In this paper, we report the benefits of working with photonic molecules in macroporous silicon photonic crystals. In particular, we theoretically and experimentally demonstrate that the optical properties of a resonant peak produced by a single photonic atom of 2.6 µm wide can be sequentially improved if a second and a third cavity of the same length are introduced in the structure. As a consequence of that, the base of the peak is reduced from 500 nm to 100 nm, while its amplitude remains constant, increasing its Q-factor from its initial value of 25 up to 175. In addition, the bandgap is enlarged almost twice and the noise within it is mostly eliminated. In this study we also provide a way of reducing the amplitude of one or two peaks, depending whether we are in the two- or three-cavity case, by modifying the length of the involved photonic molecules so that the remainder can be used to measure gas by spectroscopic methods.
© 2018 Optical Society of America under the terms of the OSA Open Access Publishing Agreement
Photonic Molecules (PMs), understood as two or more coupled micro or nanocavities, also called photonic atoms, have been extensively studied during the recent years thanks to their unique optical characteristics [1,2]. As largely reported, a single cavity inserted in a photonic structure has the property of strong photon confinement , what can be used in several applications, such as biosensing [4–6], lasing [7–9] and a large etcetera. If a new cavity or a set of them is added to the structure, the optical response cannot only be enhanced but also new functionalities of the system can be obtained. Photon hopping, which consists in the energy transference between adjacent cavities, is one of the most relevant properties of PMs that find its application in coupled-resonator optical waveguides [10–12], optical switching [13,14] or quantum information processing [15,16], among others. Furthermore, it has been shown that this energy transfer can be tuned depending on the inter-cavities conformation and on the morphology of the cavities themselves [17,18], leading to enhanced bandwidths and boosted Q-factors [19,20]. In this work we take advantage of the benefits of using photonic molecules for improving the optical response of macroporous silicon Photonic Crystals (PCs). In concrete, we show how by coupling several photonic atoms and by reshaping them, it is possible to obtain greater Q-factors, larger bandgaps and better filtering along the bandgap, three figures of merit for spectroscopic gas sensing.
Spectroscopic gas detection can be made using photonic crystals by adding a defect in the structure. If it is correctly designed, a transmission peak will arise inside the forbidden band, acting as a narrow band pass filter [21,22]. If this peak is centered in the absorption band of the analyzed gas, its concentration can be determined by means of Non Dispersive Infra-Red methods (NDIR) that basically consist in calculating the area under the intensity line of the peak . For a proper detection, the receiver must work within the bandgap, enveloping the peak. In that sense, the greater the bandgap, the less selective the detector has to be and, thus, the cheaper the final device would be. Besides, it is also necessary to eliminate all the noise in the bandgap since it reduces the performance of the sensor. Therefore, another requirement of the photonic crystals is that the transmission along the bandgap, except for the peak area, has to be as low as possible. Finally, and linked to the previous requirement, the peak transmission should be the maximum possible in order to obtain the greatest sensitivity when determining the amount of gas concentration.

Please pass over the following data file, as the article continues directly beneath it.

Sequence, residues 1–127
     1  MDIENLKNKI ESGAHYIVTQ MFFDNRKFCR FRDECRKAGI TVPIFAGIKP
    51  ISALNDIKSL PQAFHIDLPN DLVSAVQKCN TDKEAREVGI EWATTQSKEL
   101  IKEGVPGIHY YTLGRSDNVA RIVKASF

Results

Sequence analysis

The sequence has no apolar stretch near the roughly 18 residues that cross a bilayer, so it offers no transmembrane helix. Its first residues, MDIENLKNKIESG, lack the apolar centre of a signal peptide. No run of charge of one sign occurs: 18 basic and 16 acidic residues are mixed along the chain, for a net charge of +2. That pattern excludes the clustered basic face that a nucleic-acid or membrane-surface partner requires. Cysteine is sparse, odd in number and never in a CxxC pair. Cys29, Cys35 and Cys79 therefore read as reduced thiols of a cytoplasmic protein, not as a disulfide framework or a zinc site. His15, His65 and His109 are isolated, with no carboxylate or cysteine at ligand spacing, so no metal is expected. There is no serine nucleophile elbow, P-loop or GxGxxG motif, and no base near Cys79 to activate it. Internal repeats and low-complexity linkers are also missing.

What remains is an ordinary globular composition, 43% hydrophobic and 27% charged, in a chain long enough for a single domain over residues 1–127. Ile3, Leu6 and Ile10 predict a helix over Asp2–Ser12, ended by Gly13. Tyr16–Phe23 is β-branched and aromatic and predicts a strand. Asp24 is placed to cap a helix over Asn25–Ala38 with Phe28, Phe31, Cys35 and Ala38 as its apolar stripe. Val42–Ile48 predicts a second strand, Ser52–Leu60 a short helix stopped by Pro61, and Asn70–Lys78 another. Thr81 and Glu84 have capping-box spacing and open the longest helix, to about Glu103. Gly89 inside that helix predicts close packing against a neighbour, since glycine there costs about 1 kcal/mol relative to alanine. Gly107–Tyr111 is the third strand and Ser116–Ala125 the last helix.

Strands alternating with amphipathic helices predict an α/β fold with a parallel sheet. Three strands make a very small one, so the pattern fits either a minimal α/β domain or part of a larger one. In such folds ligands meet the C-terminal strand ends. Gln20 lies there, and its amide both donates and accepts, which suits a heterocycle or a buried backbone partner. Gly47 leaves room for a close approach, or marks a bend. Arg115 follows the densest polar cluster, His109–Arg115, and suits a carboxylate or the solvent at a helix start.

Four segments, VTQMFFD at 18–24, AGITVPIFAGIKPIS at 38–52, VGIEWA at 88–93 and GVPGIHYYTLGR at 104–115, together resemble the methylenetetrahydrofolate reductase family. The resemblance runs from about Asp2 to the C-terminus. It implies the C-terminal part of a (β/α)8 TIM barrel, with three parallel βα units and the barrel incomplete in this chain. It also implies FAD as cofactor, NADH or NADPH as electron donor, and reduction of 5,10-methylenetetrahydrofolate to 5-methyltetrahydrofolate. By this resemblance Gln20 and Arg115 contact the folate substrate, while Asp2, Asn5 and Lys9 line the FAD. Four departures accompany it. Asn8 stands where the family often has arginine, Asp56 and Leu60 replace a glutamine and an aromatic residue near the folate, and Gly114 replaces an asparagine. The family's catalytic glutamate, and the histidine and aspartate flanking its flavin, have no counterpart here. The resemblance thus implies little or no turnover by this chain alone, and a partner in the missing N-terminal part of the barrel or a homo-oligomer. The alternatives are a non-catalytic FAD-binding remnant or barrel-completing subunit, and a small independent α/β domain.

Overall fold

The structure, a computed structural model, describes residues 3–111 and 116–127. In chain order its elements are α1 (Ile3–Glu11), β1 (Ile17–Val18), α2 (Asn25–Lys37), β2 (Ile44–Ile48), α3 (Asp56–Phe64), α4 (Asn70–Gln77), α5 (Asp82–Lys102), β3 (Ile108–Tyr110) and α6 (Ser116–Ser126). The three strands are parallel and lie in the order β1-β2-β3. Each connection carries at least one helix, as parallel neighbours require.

As pointed above, we incorporate new cavities in our macroporous silicon photonic crystals in order to enhance the optical response of the single-cavity case and make these structures suitable for spectroscopic gas sensing. In particular, the study starts showing the poor optical response when only one defect is used. Next, we analyze the transmitted response of our structure when a new cavity is inserted in it. As predicted in literature for one- and two-dimensional PCs, and reported in preliminary studies in 3D, a new peak raises in the bandgap, preserving its transmission and increasing the Q-factor of both peaks [24,25]. Not only this, the bandgap is enlarged and the transmission baseline—also called offset along this study—is reduced because more periods have been added in order to place the new cavity. Then, we corroborate this experimentally, showing narrower peaks and better figures for the bandgap. In order to filter one of the two peaks, we shorten the deeper cavity for varying the phase between the two resonant frequencies and we use a chirp modulation, consisting of a linear decreasing of the length of the periods involved in the PC, to optimize the filtering of the resonant states given in the second cavity. This procedure can be extrapolated to the case of three defects, showing a substantial improving of the optical figures respect to the previous cases.
2. Experimental and simulations
Simulations have been done using the Optiwave’s OptiFDTD software. This tool uses the Finite-Difference Time-Domain method (FDTD) to simulate the propagation of electromagnetic waves along complex structures. Taking advantage of the symmetries of the structures, periodic boundary conditions can be defined to reduce the simulation complexity and time. In our case, the studied photonic crystal can be reduced to a single pore aligned to the Z axis–see Fig. 1, upper image—with periodic boundary conditions on the side walls—XZ and YZ—and multiple perfect absorbing layers before and after the emitter and the receiver, respectively. The front illumination has been done with a Gaussian modulated continuous wave with a linewidth of and a central wavelength μm. The transmission spectrum has been obtained by placing a plane detector 5 μm after the ending of the pore and it has been calculated by integrating the power flux through the detector plane, normalized to the incident wave.